Elon Musk definitely knows how to take his fans for a ride. Musk had customers chomping at the bit for production of the long-awaited, affordable Tesla Model 3, claiming that their orders would start to be fulfilled when Model 3 production reached 5,000 cars per week. Tesla started taking deposits for the $35,000 Model 3 over two years ago, with Musk repeatedly stating that mass production of the model “is just around the next bend in the road.” The world was waiting for Musk to make the Tesla Model 3 available to mainstream consumers, and he kept the world waiting much longer than anticipated.
There’s no question that Elon Musk is a great strategic storyteller. The Silicon Valley billionaire has the rare ability to spin Tesla’s decade of losses, massive short interest and production hiccups into a narrative that positions Tesla as a market disruptor on the verge of breakthrough success, resisted at every turn by forces of reaction, incumbency and inertia. More recently, however, Musk’s Ambien-fueled midnight Twitter rampages and inability to deliver on promises have investors and potential customers alike wondering if his mouth is writing a check that his production lines can’t cash.
After a relatively placid 2nd quarter earnings announcement and investor call on August 1st, it seemed that Musk had recognized the need to trim his sails and temper his behavior. However, on August 7th, Musk ignited a new firestorm by tweeting that he was considering taking Tesla private at the price of $420, a considerable premium to the price at which the stock was then trading. Musk concluded the tweet with the phrase, “funding secured.” The stock soared on the news, even as investors struggled to understand the strategic logic behind the move.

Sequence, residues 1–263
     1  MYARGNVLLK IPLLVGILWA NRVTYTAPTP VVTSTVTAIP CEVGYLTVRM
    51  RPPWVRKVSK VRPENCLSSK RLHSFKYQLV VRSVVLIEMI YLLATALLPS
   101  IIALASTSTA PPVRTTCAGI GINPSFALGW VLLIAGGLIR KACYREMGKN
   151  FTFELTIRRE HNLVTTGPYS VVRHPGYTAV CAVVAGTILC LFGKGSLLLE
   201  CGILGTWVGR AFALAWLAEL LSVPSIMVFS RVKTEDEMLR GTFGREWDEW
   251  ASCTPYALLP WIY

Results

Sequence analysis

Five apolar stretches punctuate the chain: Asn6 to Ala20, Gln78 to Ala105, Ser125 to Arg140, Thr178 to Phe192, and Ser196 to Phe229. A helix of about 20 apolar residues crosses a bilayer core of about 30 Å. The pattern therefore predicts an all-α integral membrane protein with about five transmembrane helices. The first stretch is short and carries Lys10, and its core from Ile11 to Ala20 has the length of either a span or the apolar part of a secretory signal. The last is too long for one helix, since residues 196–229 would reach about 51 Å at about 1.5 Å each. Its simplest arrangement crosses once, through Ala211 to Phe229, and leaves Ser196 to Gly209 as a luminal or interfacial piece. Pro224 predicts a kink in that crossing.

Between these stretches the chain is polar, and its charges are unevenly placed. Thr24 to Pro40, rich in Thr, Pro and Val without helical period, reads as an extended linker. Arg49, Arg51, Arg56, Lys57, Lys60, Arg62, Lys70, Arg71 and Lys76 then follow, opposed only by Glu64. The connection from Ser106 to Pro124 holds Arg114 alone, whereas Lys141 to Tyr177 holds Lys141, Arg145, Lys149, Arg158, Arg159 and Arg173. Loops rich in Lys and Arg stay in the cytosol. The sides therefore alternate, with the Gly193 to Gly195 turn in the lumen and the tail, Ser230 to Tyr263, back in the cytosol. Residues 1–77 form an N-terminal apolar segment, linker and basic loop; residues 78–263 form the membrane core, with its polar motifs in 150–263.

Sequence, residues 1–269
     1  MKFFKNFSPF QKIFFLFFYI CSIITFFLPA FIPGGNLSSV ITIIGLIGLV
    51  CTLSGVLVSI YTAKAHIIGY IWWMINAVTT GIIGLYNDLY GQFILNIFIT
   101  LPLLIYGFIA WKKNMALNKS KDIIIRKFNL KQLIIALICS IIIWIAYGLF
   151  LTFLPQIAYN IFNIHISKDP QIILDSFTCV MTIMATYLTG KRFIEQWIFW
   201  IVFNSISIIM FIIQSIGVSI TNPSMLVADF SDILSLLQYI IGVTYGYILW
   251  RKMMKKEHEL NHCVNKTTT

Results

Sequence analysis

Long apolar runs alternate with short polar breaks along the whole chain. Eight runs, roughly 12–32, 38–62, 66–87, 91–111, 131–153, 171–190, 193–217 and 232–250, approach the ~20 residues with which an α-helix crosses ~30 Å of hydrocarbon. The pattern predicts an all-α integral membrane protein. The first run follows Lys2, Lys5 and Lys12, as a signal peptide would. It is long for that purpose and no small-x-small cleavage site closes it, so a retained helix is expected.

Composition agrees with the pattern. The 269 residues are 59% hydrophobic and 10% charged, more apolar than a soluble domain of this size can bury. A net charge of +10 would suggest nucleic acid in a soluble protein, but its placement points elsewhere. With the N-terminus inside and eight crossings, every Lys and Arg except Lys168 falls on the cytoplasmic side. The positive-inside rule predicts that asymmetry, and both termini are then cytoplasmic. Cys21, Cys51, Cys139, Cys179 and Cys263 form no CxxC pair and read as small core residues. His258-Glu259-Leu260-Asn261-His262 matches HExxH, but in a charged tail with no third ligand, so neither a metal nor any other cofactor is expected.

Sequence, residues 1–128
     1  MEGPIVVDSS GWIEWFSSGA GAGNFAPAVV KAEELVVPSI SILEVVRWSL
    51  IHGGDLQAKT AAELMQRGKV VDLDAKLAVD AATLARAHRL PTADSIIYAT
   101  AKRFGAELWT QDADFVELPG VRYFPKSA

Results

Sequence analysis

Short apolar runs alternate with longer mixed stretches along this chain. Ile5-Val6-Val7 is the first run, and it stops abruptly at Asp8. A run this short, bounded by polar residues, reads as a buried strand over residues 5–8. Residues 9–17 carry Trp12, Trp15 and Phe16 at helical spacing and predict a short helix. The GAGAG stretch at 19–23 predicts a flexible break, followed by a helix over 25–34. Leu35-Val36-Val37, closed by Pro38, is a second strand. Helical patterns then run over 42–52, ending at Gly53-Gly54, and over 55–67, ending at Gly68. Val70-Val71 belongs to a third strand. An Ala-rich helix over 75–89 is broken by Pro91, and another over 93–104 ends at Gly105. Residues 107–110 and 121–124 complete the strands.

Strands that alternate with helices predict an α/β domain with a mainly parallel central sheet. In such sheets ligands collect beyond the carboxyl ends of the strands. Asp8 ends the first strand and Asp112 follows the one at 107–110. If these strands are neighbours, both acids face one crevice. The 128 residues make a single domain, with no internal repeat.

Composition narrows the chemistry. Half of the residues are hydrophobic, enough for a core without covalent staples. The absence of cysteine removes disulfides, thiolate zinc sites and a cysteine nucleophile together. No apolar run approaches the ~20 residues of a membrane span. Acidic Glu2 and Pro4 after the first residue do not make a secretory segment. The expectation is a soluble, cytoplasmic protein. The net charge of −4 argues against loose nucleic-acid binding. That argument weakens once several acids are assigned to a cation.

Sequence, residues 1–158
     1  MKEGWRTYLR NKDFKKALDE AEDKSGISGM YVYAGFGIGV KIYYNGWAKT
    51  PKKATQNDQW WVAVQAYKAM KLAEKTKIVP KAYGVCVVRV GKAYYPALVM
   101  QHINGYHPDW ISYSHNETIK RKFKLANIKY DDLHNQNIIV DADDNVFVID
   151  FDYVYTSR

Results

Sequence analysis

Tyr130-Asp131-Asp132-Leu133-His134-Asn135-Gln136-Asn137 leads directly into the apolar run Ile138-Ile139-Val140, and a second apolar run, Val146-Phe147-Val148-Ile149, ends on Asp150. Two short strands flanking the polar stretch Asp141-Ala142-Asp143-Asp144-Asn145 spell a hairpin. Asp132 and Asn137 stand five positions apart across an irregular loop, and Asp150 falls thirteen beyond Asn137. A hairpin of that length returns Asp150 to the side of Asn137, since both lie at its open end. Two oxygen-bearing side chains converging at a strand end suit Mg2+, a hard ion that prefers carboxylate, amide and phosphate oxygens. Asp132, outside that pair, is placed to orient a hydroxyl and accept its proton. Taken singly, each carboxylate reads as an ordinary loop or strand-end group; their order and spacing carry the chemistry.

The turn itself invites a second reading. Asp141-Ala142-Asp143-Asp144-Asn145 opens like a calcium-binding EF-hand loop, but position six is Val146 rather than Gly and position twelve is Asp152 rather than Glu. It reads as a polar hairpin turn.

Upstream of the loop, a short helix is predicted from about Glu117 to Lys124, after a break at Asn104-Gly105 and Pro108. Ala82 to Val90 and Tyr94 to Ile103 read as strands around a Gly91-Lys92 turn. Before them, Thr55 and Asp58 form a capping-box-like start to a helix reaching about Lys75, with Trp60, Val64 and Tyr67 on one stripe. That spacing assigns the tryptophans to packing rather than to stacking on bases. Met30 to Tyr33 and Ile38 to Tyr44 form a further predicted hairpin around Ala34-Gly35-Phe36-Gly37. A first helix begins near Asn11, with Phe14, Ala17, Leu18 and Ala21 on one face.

We, too, were perplexed and tried to think through Musk’s possible reasoning.
It could be that Musk is engaging in the routine over-optimism for which all great entrepreneurs are famous. He had a promising conversation about the possibility of taking Tesla private, in which some preliminary commitments were made, and he interpreted these statements as evidence of having secured funding. The company’s subsequent communiqués want us to believe this is the case, but if it were, a proper corporate announcement would have followed soon thereafter. Nevertheless, perhaps this illustrates an honest reflection of Musk’s understanding of the situation.
If we look beyond the technicalities of the tweet, would it make sense for Tesla to operate as a private company? We doubt it. Musk rails against the near-term orientation of the public market and promises to “burn the shorts”—sellers who question Musk’s vision and have made Tesla the most shorted stock on the market—but public investors have been extremely patient and generous with Tesla. For a company that has produced $9 billion in operating losses over its 13-year existence, the fact that the market capitalization continues to hover around $50 billion suggests that investors have given Musk considerable latitude to pursue his long-term goals. Patient public investors are the ones who have “burned the shorts” thus far.